FA Cup 3rd Round Replay
Leeds United 1 – 3 Arsenal
0 – 1 Nasri (4)
0 – 2 Sagna (34)
1 – 2 Johnson (37)
1 – 3 van Persie (76)
Arsenal maintained their record of never having lost an FA Cup tie at Elland Road with a comfortable victory last night. It was a scoreline which flattered the hosts, Arshavin and Bendtner failed to apply finishing touches from close range which would have put the gap between the two sides into proper perspective.
Leeds worked hard but found themselves up against a more balanced Arsenal side than in the original tie, one that was in better form and one determined to answer its critics with a win. The returning Bacary Sagna gave more balance to the Arsenal right hand side, supporting Nicklas Bendtner and allowing the Dane to move inside more readily, knowing that he had support outside of him if required.
Equally Samir Nasri dominated proceedings. The Frenchman continued his imperious form, prompting Arsenal attacks whilst not shirking his defensive duties. That was the underlying theme of the Arsenal performance; teamwork. They attacked as a team, defended as a team.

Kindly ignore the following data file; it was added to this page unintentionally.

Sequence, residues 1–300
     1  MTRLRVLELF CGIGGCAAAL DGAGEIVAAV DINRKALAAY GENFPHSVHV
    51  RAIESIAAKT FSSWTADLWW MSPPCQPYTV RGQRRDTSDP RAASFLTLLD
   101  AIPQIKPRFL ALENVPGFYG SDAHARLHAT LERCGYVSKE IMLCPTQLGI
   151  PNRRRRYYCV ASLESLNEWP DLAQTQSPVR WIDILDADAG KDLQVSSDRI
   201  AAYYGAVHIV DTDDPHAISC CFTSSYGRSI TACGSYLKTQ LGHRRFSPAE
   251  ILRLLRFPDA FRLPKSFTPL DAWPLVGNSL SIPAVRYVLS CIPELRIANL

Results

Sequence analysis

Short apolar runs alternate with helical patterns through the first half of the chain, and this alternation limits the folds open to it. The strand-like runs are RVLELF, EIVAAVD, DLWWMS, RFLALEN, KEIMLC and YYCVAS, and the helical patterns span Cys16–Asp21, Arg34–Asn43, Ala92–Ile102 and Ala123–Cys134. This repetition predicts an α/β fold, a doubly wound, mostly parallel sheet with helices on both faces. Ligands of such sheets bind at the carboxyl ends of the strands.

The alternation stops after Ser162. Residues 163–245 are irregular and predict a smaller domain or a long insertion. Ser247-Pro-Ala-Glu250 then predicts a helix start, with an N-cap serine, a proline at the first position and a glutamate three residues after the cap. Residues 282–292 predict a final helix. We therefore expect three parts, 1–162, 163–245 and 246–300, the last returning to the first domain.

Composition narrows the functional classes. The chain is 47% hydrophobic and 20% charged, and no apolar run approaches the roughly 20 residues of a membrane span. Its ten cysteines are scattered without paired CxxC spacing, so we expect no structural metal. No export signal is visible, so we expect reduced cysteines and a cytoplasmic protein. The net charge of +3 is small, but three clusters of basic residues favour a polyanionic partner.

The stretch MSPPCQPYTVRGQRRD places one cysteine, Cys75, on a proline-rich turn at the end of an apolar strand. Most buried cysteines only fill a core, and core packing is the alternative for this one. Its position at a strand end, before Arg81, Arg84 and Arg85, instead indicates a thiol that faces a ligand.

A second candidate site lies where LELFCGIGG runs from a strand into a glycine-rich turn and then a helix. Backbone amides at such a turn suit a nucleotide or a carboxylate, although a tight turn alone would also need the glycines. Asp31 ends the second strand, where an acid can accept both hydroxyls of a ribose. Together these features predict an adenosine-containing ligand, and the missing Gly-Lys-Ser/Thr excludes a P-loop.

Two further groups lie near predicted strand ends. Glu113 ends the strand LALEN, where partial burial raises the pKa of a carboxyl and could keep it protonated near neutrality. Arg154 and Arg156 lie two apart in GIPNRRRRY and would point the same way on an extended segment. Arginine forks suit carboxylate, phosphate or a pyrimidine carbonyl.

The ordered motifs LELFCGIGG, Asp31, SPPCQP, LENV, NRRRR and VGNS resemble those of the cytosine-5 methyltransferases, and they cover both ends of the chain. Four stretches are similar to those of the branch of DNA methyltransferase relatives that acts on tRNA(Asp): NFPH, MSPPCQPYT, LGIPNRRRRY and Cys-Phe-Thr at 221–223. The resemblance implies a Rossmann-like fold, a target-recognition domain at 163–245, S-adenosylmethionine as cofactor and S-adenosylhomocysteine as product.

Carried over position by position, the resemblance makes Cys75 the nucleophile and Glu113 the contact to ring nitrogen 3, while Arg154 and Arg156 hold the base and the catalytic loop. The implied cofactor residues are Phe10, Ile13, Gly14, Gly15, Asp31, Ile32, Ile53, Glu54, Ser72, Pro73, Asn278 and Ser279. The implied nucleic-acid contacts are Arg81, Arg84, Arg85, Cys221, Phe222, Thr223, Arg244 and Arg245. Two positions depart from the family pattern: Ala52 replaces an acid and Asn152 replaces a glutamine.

The distribution, particularly in the first half, was as good as it has been all season with rarely a pass wasted. Djourou and Koscielny had the Leeds forwards subdued, closing gaps as quickly as they opened, passing their way out of trouble confidently and with a minimum of fuss. Whilst Nasri was voted Man of the Match, either of the centre backs could quite easily have been awarded that accolade.
Part of the reason for the comfortable nature of the win was the early goal. Arshavin fed the ball into the centre, an unintended Chamakh dummy and thirty seconds later, Nasri had calmly run through the Leeds defence to put the ball past Schmeichel. Whilst it might only be the Juniors in the Leeds goal and defence, there is still something satisfying about Arsenal making a mockery of Bruce and Schmeichel.
The lead should have been doubled five minutes later, Chamakh headed a Nasri free kick firmly towards the bottom corner, Schmeichel flicking the ball firmly up into the air before safely gathering a tame effort immediately after. With the halfway mark in the first half not even reached, Arshavin had missed the opportunity to double the lead, shooting over from the edge of the area following good work from Nasri and Chamakh.
The Russian did everything but score last night, failing to meet a Chamakh cross when a touch on the ball would have brought the end of his barren run. Had Snodgrass not made a timely interception in the second half, Arshavin was ready to pounce and his air shot showed what would have happened. Arshavin though, ran himself into the ground, chasing after passes and defending from the front. If he has borne the brunt of criticism recently, he should receive praise for last night.
Arshavin was not the only one missing from close range; Bendtner followed suit following good work from Sagna. The defender was peeved with that miss to the extent that he hammered home a shot with half an hour played, the Leeds defence giving him space to shoot and the Frenchman duly obliged.